Living with multiple sclerosis (MS) can be challenging. I have a personal connection with MS, as my grandmother and great grandmother were both diagnosed with the disease. My grandmother has been living with MS for around 20 years, after it took nearly 5 years for her to receive a definitive diagnosis. 

World MS Day officially takes place on 31 May 2017 and will be observed throughout May worldwide. The aim is to bring the global MS community together to share stories, raise awareness, and campaign with and for everyone affected by MS. The theme of this year’s World MS Day, ‘Life with MS,’ particularly resonates with me, as it’s about sharing everyday tips for life with MS that may help someone else have a better day.1 As a relative of someone who has been living with MS for a large part of their lives, I think it’s a great initiative for patients and family to share their experiences, which may help someone else.

There are currently 2.3 million people living with MS globally. MS is an auto-immune disease where the immune system attacks the protective layer surrounding nerves, called the myelin sheath. Damage to the myelin sheath interrupts the usual signals along the nerves and causes nerve damage. Unfortunately, the cause of MS is currently unknown and at the moment there is no cure, however, there are treatments available that can help with some forms of MS. The symptoms vary from patient to patient and may include blurred vision, weak limbs, tingling sensations, unsteadiness, memory problems and fatigue.1 For example, my grandmother struggles with heat sensitivity and will often not be able to move during hot weather.

There are different types of MS, including relapsing remitting, primary progressive and secondary progressive.2 My grandmother and great grandmother were both diagnosed with primary progressive MS, which affects 10–15% of patients, however, the majority of patients will have relapsing remitting type.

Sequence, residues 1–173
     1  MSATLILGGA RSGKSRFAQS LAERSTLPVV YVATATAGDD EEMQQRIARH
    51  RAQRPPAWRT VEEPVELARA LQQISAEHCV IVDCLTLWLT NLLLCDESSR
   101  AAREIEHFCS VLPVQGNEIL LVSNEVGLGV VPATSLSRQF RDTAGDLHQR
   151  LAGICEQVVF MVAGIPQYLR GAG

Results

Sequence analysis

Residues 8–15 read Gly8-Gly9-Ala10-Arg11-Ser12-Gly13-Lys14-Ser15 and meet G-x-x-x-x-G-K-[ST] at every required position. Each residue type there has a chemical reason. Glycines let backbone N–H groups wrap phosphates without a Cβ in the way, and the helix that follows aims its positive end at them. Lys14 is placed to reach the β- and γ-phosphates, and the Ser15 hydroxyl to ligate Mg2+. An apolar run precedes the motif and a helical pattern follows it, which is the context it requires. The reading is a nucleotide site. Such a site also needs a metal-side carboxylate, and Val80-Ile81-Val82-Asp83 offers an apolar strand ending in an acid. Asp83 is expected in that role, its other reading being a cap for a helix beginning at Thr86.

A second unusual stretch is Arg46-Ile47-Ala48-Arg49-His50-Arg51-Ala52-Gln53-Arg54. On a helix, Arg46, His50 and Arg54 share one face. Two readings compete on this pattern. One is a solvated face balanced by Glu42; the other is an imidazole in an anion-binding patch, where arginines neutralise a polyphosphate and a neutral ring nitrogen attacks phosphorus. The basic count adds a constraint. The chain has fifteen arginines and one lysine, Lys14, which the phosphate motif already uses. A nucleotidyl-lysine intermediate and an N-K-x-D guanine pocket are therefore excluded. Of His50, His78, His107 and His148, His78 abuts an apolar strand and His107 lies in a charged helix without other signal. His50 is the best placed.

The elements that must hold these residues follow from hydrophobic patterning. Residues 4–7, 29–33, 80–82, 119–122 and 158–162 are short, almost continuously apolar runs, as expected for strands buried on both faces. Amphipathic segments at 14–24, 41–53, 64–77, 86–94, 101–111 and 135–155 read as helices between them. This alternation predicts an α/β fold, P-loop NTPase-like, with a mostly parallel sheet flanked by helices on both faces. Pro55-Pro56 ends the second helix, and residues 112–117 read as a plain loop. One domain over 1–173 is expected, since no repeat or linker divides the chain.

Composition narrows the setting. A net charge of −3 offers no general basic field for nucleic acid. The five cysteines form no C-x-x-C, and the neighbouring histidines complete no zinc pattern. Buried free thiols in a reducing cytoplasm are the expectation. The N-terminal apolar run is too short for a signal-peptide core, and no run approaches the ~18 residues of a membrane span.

As there is an increased risk of MS for those with a family relative who have been diagnosed with the disease, especially for women in the family, both myself and my mother like to keep up to date with the latest research in the field. Recently, a new trial has launched, which has given hope to the MS community. The trial will recruit more than 1,000 patients with secondary progressive MS. The trial is investigating whether simvastatin, which is part of the statin drug class used to lower cholesterol, can slow down disability progression.2 A previous, smaller Phase II study found that the level of brain tissue loss, an indicator of MS progression, was lower in 140 patients who received simvastatin compared with placebo.2

There are many ways to get involved in World MS Day. For example, you can share a tip about how to help with the challenge of living with MS by using the hashtag #LifewithMS through YouTube, Facebook, Twitter, or Instagram.1


References: 1. World MS Day Website. Available at: Last accessed May 2017; 2. MS Trust Website. Available at: Last accessed May 2017.